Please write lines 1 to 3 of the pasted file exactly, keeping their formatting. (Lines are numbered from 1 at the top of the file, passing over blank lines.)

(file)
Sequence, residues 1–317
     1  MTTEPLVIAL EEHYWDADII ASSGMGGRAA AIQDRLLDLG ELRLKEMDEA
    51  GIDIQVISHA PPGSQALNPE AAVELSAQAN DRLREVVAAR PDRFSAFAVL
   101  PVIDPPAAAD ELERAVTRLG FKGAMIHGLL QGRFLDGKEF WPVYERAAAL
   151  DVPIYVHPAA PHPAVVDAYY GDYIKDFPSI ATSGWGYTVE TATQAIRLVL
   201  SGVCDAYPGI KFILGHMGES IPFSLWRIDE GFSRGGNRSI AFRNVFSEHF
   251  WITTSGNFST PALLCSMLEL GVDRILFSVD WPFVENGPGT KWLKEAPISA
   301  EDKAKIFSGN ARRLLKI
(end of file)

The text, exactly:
Sequence, residues 1–317
     1  MTTEPLVIAL EEHYWDADII ASSGMGGRAA AIQDRLLDLG ELRLKEMDEA
    51  GIDIQVISHA PPGSQALNPE AAVELSAQAN DRLREVVAAR PDRFSAFAVL